Reduce the Learning Gap through Targeted Support for Underachieving Students

Supplemental learning material can be provided through an online system. Photo credit: ADB.

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Published: 14 March 2022

Lessons from the Republic of Korea’s basic skills guarantee policy show how adaptive testing and guidance can ensure learning continuity amid COVID-19.

Introduction

Asia and the Pacific has achieved universal primary schooling, but the dropout rate and learning deficit are still unacceptably high in many countries. The coronavirus disease (COVID-19) pandemic has deepened the learning crisis. A 2021 World Bank report shows that in low- and middle-income countries, the share of children living in learning poverty—already 53% before the pandemic—could potentially reach 70% given the long school closures. Learning deficit, particularly in early grades and critical periods, can lead to the high possibility of failure in future learning because the curriculum content taught in schools is hierarchical in structure and interrelated between grades. However, this deficit can be reduced if students with learning difficulties receive targeted support to bring them to their grade level before moving to the next grade.

Since the health crisis has exacerbated learning deficits around the world, it is critical for the most affected countries to urgently reinforce their support systems to improve learning of lagging and marginalized students. A comprehensive system can help alleviate learning deficits by identifying lagging students, continuously monitoring their learning progress, and guiding them in their studies with special support.

The Republic of Korea (ROK) has implemented the Diagnose-and-Supplement System of Basic Skills, an online–offline system for students from grades 1 to 10 with low academic achievement. A publication by the Asian Development Bank takes a closer look at this system and discusses its policy implications and potential for use in developing countries.

Context

The ROK’s educational achievements can be attributed largely to effective student assessment. The country integrated policy measures on curriculum reform with effective student learning measurement and feedback mechanisms to strengthen the public school system.

Comprehensive policies were implemented to support underachieving students since 2008. These include the National Assessment of Education Achievement (NAEA), Diagnose-and-Supplement System of Basic Skills (DASOBS), designation of schools and teachers leading in basic academic ability, and community cooperation. The comprehensive system utilizes results from the NAEA and has proposed, in various national and international assessments, systematic improvements in learning based on empirical studies.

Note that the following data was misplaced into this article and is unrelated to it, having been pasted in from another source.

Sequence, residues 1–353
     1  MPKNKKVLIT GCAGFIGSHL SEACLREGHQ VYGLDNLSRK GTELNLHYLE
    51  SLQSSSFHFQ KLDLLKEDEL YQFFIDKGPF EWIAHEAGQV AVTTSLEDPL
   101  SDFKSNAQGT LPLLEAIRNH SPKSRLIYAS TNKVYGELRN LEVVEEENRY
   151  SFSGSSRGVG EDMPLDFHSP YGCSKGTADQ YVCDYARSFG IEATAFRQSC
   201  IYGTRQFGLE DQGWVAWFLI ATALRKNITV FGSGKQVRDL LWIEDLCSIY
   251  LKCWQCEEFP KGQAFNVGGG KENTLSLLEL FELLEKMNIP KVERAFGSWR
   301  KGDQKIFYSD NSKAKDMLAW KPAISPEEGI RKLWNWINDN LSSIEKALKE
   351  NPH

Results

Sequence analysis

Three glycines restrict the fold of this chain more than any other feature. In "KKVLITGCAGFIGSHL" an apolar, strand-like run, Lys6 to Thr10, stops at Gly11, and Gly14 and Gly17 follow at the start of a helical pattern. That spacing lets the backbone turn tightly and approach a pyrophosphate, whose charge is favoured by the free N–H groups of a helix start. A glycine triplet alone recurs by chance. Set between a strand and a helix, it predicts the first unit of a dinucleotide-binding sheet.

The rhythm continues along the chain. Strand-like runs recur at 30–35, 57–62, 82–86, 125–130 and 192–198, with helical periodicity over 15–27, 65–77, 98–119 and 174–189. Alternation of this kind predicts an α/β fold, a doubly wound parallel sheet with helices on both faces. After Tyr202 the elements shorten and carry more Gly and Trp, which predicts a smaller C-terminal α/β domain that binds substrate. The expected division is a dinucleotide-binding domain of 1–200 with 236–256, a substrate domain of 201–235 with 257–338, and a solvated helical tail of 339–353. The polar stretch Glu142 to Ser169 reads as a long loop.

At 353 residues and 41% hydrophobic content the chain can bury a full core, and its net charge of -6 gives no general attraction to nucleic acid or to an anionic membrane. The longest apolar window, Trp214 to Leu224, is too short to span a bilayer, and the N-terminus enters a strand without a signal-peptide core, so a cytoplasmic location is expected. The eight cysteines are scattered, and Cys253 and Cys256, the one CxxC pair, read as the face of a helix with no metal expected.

National Assessment of Education Achievement (NAEA)

From 2009 to 2012, all grade 6, 9, and 11 students participated in this nationwide test. They received detailed information on their academic levels for all subjects (advanced, proficient, basic, and below-basic level) and recommendations for additional study based on how they compare with other students nationwide. Schools, meanwhile, received information on the percentage of students who failed to achieve the basic level. The assessment was used to check and support schools' educational accountability and required school leaders to pay more attention to lagging students. 

Since 2013, the assessment’s 100% coverage has been gradually replaced with samples of around 3%–5% of the students in grades 9 and 10 to ease the test burden and competition among schools. It has been mainly used to improve the curriculum by analyzing students' achievements and monitoring issues related to curriculum implementation at the school level.

Diagnose-and-Supplement System of Basic Skills (DASOBS)

The system diagnoses students’ basic academic abilities constantly, and in stages, identifies academically struggling students, tracks their progress, and provides them with personalized guidance and supplemental materials to help them study subjects and lessons according to their achievement levels. It has three primary tasks: (1) check students who are starting a new grade and identify those who are below the basic academic level; (2) check the progress of below-basic students at regular intervals throughout the year to determine improvements in their basic academic abilities; and (3) after each diagnosis, provide supplemental learning material to students who need it.

Table 1: Comparing NAEA and DASOBS

Item NAEA DASOBS
Purpose To provide information that can be referenced to enhance curriculum achievement and improve curriculum quality by examining national trends in academic achievement levels To support academically underachieving students in gradually obtaining basic learning abilities by continuously evaluating the students and providing them with supplemental guidance throughout the school year
Targets Grades 9 and 11
Sample schools aroung 3%–5%
Grades 1–10
Start of the semester: all students
Throughout the semester: students who placed below basic on the initial diagnostic test
Subjects Grade 9: Korean, social studies, math, natural science, and English
Grade 10: Korean, math, and English
Grade 1 and 2: basic Korean and basic math
Grade 3: reading, writing, and arithmetic
Grade 4-9: Korean, social studies, history, math, natural science, and English
Grade 10: Korean, math, and English
Test period September March, June, September, and December
Material covered Grade 9: Grades 7–9 (first semester)
Grade 10: Korean, English: cross-curricular material
Grade 10 math: high school math
Grade 1, 2: curriculum material for grades 1 and 2
Grade 3: curriculum material for grades 1–3
Grades 4-10: material from the previous year to the current year
Assessed achievement levels Below-basic, basic, proficient, and advanced Below-basic and above-basic
Level of difficulty Level 1 to 4 Curriculum fulfillment level "low"

NAEA = National Assessment of Education Achievement
DASOBS = Diagnose-and-Supplement System of Basic Skills
Source: Authors.

Reinforcing expertise in teaching basic skills